On Monday, the final draft of the updated National Register of Citizens (NRC) in Assam listed 2.89 crore citizens. These were out of 3.29 crore applicants for inclusion. Who are the 40 lakh applicants who were not included in the NRC, and where do they go from here?
Why is it called an “updated” NRC?
Burdened by decades of migration from Bangladesh — formerly East Bengal and then East Pakistan — Assam already has an NRC, which was published in 1951 on the basis of that year’s Census. The only state with such a document, Assam is currently updating it to identify its citizens.
Does the draft published Monday mean that the 40 lakh who were excluded are not citizens?
Not necessarily, since this is only a draft. There is scope for filing claims and objections, and authorities including the Assam Chief Minister and the Union Home Minister have clarified that no one will lose his/her citizenship rights or be sent to a detention camp for foreigners merely on the basis of the draft NRC.
How long do they have to they file these claims and objections?
Between August 30 and September 28, at various NRC Seva Kendras. Forms for correction will be available from August 7 at the NSKs, said Prateek Hajela, NRC state coordinator. After that, the final NRC will be published by December 31, the Home Ministry has announced.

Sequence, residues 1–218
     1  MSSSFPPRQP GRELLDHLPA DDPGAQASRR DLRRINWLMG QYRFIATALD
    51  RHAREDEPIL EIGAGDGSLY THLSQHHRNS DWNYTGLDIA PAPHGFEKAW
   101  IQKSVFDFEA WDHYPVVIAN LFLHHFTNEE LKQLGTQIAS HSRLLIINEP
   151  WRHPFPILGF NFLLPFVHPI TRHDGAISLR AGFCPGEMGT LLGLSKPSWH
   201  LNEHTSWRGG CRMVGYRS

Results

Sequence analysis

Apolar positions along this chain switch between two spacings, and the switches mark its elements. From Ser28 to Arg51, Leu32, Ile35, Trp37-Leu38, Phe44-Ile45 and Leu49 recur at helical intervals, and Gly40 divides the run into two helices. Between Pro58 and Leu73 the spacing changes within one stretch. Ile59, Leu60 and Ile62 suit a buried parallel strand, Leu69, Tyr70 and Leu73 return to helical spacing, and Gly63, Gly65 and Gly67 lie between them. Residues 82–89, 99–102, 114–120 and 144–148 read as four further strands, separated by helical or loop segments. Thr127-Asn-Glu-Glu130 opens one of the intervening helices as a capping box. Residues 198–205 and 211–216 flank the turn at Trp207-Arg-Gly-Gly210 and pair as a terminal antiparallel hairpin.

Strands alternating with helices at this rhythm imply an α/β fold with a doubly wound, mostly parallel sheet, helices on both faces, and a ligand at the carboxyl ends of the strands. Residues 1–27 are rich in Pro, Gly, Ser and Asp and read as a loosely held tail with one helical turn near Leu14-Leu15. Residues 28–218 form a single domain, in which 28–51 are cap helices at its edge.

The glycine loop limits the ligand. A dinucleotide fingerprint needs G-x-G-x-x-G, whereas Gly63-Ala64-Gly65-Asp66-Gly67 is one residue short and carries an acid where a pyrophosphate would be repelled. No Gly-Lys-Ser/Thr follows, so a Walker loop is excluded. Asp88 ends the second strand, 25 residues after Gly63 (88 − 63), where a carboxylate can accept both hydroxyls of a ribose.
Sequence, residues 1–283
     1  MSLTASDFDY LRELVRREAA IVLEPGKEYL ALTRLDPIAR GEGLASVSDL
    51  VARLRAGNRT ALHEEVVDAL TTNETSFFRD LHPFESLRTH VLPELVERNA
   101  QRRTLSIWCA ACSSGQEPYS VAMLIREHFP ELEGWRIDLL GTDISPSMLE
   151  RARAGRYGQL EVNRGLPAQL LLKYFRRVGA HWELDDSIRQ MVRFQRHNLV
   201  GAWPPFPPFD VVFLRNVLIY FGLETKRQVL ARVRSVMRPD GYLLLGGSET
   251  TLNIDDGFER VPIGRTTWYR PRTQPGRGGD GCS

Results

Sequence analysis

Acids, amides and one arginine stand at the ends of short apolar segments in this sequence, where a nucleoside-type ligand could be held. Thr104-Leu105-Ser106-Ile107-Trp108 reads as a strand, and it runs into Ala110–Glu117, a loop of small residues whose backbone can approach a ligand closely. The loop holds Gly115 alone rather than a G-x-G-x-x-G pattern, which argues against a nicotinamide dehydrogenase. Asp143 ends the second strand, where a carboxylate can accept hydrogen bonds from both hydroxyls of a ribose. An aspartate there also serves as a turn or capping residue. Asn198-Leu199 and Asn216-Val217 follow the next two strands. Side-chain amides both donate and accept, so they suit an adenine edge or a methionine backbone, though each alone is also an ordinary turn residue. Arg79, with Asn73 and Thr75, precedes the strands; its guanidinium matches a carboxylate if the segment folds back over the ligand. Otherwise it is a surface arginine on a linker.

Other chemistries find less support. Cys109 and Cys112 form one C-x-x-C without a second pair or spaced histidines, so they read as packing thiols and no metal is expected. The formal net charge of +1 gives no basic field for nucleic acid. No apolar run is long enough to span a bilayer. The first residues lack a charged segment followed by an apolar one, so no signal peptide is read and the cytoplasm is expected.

How do those excluded back up their claims for inclusion?
They will need to prove that they or their ancestors were citizens on or before March 24, 1971. This is the cutoff date in the Assam Accord of 1985, agreed upon by the Centre, the state and the All Assam Students’ Union, at the end of a six-year movement against migration from Bangladesh.
How do they prove that?
Surviving citizens from the 1951 NRC are automatically eligible for inclusion in the updated version. So are descendants of the survivors and of the deceased — provided that they can prove their lineage. Linkage to the 1951 NRC is, however, not compulsory. Going by the cutoff under the Assam Accord, anyone who figured in electoral rolls up to March 24, 1971, or who are descendants of such citizens, are eligible for inclusion in the updated NRC. Various other documents are admissible — such as birth certificates and land records — as long as these were issued before the cutoff date.
Wouldn’t those rejected have already submitted such papers?